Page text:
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Title: Interwar headmistresses : gender, identity, space-place
Author: Milsom, Zoe
ISNI:       0000 0004 2727 4933
Awarding Body: University of Winchester
Current Institution: University of Winchester
Date of Award: 2012
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This thesis examines the gendered professional identities of six headmistresses who were president of the Association of Headmistresses (AHM) during the interwar period and who taught in four London schools using the concepts of space-place. It explores the way headmistresses situated space-place as a central part of their professional identities. The study makes extensive use of a range of published and unpublished sources, including photographs, diaries, school magazines, newspapers, annual reports and minutes of the AHM to understand how headmistresses used concepts of space-place to confirm and enhance their professional lives in keeping with more general gendered discourses of the time. Three major recurrent themes run throughout the thesis. First is the importance of space-place, as part of our identities. Influenced by the work of Doreen Massey the thesis discusses space-place as a meeting up of social interactions, a sphere of possibility. Each archival chapter discusses space-place in relation to a spatial model used as a lens through which to analyse the professional lives of the six headmistresses. The first archival chapter examines the space-place of the Association and the headmistresses’ corporate identity leading on to a further three main chapters structured successively around the spatial arenas of home, nation and the transnational. These three chapters begin with a discussion of the way in which these spatial arenas are performed within the headmistresses’ schools. Second the chapters reflect on the identity of the headmistresses themselves both individually and collectively. Finally the chapters analyse the way in which the education offered by the headmistresses aimed to construct the model citizen in-line with the discourses and social practices associated with that spatial arena. Drawing together the array of materials and the synthesis of feminist geo-political, historical theories this thesis argues that each headmistress drew on different spatial models to varying extents to legitimise their professional identity. In doing so the thesis highlights the symbiotic relation between space-place and identity.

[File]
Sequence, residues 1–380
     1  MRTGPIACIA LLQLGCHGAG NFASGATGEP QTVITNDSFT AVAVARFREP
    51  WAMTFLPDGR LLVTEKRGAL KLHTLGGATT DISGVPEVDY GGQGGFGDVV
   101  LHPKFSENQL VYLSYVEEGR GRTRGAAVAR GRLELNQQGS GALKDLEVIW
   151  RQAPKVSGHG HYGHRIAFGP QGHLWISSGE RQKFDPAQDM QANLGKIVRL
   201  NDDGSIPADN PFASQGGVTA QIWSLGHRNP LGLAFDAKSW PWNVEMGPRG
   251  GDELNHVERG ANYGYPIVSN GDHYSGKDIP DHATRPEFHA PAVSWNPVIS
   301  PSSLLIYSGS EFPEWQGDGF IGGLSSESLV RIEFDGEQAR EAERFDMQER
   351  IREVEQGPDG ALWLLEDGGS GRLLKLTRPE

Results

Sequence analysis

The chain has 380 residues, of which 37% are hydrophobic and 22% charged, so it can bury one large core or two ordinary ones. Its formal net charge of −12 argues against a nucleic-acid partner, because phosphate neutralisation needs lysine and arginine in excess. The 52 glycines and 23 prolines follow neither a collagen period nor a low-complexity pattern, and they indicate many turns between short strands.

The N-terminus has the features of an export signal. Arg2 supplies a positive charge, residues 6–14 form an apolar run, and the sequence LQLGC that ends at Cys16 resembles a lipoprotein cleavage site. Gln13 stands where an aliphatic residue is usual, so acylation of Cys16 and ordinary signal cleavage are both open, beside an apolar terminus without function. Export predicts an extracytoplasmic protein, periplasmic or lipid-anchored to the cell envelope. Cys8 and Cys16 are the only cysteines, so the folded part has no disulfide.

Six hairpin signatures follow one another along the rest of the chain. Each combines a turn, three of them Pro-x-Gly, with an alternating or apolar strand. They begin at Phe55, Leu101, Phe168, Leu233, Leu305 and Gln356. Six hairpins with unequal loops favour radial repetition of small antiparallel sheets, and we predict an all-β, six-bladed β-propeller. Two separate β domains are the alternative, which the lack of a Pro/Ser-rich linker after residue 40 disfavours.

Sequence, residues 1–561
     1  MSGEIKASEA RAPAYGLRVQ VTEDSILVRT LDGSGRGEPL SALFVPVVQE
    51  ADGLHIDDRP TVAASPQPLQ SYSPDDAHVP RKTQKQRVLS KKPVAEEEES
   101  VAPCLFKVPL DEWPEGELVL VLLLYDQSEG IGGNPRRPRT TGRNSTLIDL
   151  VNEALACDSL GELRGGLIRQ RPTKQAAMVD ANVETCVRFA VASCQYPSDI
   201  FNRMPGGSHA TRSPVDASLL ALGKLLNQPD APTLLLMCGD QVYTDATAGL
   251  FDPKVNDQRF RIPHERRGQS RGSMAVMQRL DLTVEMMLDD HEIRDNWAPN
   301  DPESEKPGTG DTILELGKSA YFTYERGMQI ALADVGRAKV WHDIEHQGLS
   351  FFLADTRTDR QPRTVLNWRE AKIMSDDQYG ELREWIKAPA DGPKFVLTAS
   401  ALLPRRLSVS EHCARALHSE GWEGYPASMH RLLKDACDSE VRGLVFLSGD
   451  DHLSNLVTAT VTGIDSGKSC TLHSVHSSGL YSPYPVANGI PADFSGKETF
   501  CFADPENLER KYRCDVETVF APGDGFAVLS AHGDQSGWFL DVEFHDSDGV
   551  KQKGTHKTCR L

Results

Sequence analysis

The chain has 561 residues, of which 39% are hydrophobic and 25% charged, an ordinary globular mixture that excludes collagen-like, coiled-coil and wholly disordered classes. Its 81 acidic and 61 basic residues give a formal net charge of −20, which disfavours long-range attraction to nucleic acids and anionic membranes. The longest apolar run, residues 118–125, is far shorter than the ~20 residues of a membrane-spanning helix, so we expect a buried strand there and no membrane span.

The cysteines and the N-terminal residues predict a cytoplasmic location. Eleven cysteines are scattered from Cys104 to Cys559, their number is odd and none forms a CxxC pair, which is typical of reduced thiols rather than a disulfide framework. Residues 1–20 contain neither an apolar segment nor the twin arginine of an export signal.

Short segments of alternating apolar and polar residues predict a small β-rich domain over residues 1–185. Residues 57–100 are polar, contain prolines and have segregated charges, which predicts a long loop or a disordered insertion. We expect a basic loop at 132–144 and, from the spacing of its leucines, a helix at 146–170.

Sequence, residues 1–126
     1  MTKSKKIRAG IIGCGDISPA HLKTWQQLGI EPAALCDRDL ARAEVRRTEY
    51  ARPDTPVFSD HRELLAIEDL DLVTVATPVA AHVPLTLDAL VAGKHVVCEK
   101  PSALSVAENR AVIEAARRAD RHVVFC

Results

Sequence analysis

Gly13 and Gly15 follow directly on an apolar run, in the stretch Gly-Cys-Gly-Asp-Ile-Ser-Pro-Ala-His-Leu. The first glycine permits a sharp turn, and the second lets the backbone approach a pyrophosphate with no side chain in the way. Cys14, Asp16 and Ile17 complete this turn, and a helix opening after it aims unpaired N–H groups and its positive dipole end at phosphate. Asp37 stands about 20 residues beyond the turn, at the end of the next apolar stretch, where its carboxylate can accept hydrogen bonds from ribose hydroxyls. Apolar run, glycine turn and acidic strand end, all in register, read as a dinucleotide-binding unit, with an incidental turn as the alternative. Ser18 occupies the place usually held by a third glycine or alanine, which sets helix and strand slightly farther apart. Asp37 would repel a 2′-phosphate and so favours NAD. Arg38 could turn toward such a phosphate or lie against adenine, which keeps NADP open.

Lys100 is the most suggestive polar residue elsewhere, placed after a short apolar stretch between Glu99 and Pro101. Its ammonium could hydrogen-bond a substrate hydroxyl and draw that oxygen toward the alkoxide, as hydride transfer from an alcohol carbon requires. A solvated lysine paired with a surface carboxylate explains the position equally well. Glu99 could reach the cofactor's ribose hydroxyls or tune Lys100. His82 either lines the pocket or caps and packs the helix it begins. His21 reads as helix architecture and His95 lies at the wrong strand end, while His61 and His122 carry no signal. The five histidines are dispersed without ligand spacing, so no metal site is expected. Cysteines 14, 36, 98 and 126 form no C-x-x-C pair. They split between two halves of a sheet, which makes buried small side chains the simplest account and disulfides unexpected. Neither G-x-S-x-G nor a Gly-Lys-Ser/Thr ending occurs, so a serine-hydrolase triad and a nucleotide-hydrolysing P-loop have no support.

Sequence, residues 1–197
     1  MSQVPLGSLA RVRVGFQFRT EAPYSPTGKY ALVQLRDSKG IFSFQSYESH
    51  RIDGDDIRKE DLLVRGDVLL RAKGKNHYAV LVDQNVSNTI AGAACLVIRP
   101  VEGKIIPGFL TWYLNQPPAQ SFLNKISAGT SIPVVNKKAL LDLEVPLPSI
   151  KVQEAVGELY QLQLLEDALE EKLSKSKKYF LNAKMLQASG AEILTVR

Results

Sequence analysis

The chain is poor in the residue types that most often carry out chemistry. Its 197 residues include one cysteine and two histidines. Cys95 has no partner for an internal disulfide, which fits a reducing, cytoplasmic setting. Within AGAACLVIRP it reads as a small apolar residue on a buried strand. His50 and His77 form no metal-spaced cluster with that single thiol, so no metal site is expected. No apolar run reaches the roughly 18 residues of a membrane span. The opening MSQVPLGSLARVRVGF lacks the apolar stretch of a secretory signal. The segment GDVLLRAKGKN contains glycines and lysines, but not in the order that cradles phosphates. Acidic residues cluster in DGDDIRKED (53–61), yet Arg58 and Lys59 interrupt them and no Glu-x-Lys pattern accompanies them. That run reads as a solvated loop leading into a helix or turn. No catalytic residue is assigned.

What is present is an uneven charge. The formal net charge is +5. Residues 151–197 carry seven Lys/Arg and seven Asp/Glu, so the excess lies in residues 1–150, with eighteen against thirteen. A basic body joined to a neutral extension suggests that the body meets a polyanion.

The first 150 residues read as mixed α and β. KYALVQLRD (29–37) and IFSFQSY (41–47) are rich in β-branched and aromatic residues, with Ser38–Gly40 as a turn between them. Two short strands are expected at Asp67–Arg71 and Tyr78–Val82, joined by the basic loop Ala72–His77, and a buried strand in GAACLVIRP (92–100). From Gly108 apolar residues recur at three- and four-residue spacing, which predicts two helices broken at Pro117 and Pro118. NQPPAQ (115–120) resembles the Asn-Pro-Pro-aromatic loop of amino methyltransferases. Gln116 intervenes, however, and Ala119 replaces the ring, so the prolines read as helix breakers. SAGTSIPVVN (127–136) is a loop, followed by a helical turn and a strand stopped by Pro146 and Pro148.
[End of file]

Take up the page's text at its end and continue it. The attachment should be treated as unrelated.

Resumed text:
Supervisor: Spencer, Stephanie ; Goodman, Joyce Sponsor: Not available
Qualification Name: Thesis (Ph.D.) Qualification Level: Doctoral
EThOS ID:  DOI: Not available